Introduction to the Go compiler's SSA backend

This package contains the compiler‘s Static Single Assignment form component. If you’re not familiar with SSA, its Wikipedia article is a good starting point.

It is recommended that you first read cmd/compile/ if you are not familiar with the Go compiler already. That document gives an overview of the compiler, and explains what is SSA's part and purpose in it.

Key concepts

The names described below may be loosely related to their Go counterparts, but note that they are not equivalent. For example, a Go block statement has a variable scope, yet SSA has no notion of variables nor variable scopes.

It may also be surprising that values and blocks are named after their unique sequential IDs. They rarely correspond to named entities in the original code, such as variables or function parameters. The sequential IDs also allow the compiler to avoid maps, and it is always possible to track back the values to Go code using debug and position information.


Values are the basic building blocks of SSA. Per SSA's very definition, a value is defined exactly once, but it may be used any number of times. A value mainly consists of a unique identifier, an operator, a type, and some arguments.

An operator or Op describes the operation that computes the value. The semantics of each operator can be found in gen/*Ops.go. For example, OpAdd8 takes two value arguments holding 8-bit integers and results in their addition. Here is a possible SSA representation of the addition of two uint8 values:

// var c uint8 = a + b
v4 = Add8 <uint8> v2 v3

A value‘s type will usually be a Go type. For example, the value in the example above has a uint8 type, and a constant boolean value will have a bool type. However, certain types don’t come from Go and are special; below we will cover memory, the most common of them.

See value.go for more information.

Memory types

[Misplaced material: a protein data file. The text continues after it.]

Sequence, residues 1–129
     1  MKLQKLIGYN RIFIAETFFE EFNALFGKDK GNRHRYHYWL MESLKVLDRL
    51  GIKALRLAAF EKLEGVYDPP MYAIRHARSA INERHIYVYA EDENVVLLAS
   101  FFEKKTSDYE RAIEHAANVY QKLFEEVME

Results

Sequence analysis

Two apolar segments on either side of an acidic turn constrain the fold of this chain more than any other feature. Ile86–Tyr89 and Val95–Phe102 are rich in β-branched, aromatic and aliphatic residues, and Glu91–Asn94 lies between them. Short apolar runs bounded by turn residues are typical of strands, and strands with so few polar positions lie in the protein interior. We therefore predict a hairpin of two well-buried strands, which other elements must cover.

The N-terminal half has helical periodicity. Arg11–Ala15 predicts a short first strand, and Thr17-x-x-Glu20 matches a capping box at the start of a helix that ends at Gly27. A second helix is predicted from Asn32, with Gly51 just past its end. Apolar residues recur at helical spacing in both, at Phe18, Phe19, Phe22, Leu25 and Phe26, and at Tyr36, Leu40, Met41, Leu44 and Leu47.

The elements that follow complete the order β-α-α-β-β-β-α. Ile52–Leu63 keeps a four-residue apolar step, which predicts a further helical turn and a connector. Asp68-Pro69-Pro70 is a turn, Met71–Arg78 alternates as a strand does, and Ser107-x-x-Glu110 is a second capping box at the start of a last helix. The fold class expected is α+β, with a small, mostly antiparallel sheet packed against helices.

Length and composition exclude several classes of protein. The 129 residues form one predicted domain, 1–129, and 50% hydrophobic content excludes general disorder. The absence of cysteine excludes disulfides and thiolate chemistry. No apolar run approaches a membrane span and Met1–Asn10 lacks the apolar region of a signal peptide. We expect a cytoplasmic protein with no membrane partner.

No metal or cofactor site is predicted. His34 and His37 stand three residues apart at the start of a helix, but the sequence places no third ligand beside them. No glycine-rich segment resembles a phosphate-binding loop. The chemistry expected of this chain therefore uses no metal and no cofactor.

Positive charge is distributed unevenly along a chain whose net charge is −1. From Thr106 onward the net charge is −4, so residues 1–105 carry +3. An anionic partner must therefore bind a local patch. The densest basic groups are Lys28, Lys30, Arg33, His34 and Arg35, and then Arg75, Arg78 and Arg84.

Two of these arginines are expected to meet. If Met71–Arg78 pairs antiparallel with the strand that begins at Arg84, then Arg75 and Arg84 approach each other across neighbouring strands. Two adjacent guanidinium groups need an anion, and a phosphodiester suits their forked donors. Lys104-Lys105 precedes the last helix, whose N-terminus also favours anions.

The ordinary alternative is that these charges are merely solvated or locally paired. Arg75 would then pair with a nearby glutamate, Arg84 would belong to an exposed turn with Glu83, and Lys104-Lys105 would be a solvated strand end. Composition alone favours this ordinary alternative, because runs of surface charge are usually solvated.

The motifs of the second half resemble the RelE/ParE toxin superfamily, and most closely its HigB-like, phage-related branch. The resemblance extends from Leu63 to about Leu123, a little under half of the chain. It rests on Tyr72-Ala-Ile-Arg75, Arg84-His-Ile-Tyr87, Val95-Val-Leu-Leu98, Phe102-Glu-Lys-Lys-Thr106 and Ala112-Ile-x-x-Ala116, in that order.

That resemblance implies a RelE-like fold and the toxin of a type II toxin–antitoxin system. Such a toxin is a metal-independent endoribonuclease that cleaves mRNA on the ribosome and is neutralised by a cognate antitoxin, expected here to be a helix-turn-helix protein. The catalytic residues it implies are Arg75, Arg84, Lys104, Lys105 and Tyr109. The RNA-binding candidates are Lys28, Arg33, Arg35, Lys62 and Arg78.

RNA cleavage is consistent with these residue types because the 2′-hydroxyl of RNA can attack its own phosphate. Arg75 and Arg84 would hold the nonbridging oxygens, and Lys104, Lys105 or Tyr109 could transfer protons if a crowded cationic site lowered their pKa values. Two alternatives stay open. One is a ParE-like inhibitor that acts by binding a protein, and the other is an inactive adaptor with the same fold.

memory represents the global memory state. An Op that takes a memory argument depends on that memory state, and an Op which has the memory type impacts the state of memory. This ensures that memory operations are kept in the right order. For example:

// *a = 3
// *b = *a
v10 = Store <mem> {int} v6 v8 v1
v14 = Store <mem> {int} v7 v8 v10

Here, Store stores its second argument (of type int) into the first argument (of type *int). The last argument is the memory state; since the second store depends on the memory value defined by the first store, the two stores cannot be reordered.

See cmd/compile/internal/types/type.go for more information.


A block represents a basic block in the control flow graph of a function. It is, essentially, a list of values that define the operation of this block. Besides the list of values, blocks mainly consist of a unique identifier, a kind, and a list of successor blocks.

The simplest kind is a plain block; it simply hands the control flow to another block, thus its successors list contains one block.

Another common block kind is the exit block. These have a final value, called control value, which must return a memory state. This is necessary for functions to return some values, for example - the caller needs some memory state to depend on, to ensure that it receives those return values correctly.

The last important block kind we will mention is the if block. It has a single control value that must be a boolean value, and it has exactly two successor blocks. The control flow is handed to the first successor if the bool is true, and to the second otherwise.